The cooler, wetter weather has greatly reduced fire behavior on the Dry Creek Fire in the past few days. Due to this, the number of personnel working on the fire has decreased as people have started to hit the end of their 14-day assignment. The remaining firefighters will continue to take advantage of the cooler weather to fortify work already done and prepare for the warmer and drier forecast this weekend. The BLM Alaska Fire Service Chena Hotshots demobilized on Tuesday. The BLM AFS training crew, the North Star Fire Crew, will replace them securing the northwest edge of the fire to make sure the property near the confluence of the Tanana River and the Hot Springs Slough are protected.
The fire is still south of the Tanana River and, other than two small fires that were quickly extinguished by smokejumpers on July 3, has remained to the west of the Zitziana River. Smokejumpers continue to patrol the Zitziana River to keep an eye out in case the fire spots over this windy river. They are also regularly checking on a cabin that is on the northern end of the Zitziana River.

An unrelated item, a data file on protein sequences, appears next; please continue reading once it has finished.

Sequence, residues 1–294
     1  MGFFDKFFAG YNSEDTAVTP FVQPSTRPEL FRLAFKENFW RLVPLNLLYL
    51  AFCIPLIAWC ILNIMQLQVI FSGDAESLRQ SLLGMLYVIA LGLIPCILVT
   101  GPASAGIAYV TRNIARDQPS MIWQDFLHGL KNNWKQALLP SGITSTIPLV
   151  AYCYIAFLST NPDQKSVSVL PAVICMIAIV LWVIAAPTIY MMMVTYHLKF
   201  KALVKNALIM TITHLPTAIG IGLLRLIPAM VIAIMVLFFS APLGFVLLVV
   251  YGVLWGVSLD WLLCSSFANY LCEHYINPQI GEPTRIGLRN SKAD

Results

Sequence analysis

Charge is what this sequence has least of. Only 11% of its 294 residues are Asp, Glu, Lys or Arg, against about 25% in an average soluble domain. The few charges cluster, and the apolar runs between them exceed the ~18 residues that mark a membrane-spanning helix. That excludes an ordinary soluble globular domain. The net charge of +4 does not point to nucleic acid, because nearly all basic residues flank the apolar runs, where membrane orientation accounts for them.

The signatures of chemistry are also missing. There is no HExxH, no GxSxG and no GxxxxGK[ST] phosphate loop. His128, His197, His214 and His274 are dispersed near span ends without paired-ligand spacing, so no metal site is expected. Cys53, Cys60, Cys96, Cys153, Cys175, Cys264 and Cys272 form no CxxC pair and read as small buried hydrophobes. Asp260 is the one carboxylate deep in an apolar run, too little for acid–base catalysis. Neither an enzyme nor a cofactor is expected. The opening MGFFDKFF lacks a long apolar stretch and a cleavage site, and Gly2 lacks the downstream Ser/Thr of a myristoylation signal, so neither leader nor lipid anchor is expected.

Smokejumpers constructed a fire break around on a cluster of cabins on the Tanana River farther to the southeast. The fire is still more than nine miles from this group of cabins located upriver from the Junction Island. The fire is four miles from a property to the east near the Tanana River’s Jennie M. Island.
The Notice to Airmen (NOTAM) remains in place for the fire area due to the need to advise aviators of the increased firefighting aircraft in and around the Manley Hot Springs airport (PAML). Firefighting aircraft are monitoring the Common Traffic Advisory Frequency (CTAF) of 122.8. We ask aviators in the area to please monitor PAML CTAF, report their position, keep eyes peeled and ears tuned in for air traffic in the area. There are several aircraft in this area– helicopters , airplanes and Unmanned Aerial Systems, or drones – helping with firefighting efforts. The NOTAM is for the airspace 10 nautical miles (NM) southwest to southeast from PAML, up to an altitude of 3,500 feet. Geographically speaking from the airport, 10 NM downstream, 10 NM upstream of the Tanana River and the area south of the river up to 10 NM.
|Start date: June 14||Acres: 48,413||Personnel assigned: 26||Crews: 1||Cause: Lightning|
For more information, contact BLM AFS Public Affairs Specialist Beth Ipsen at (907)356-5510 or firstname.lastname@example.org.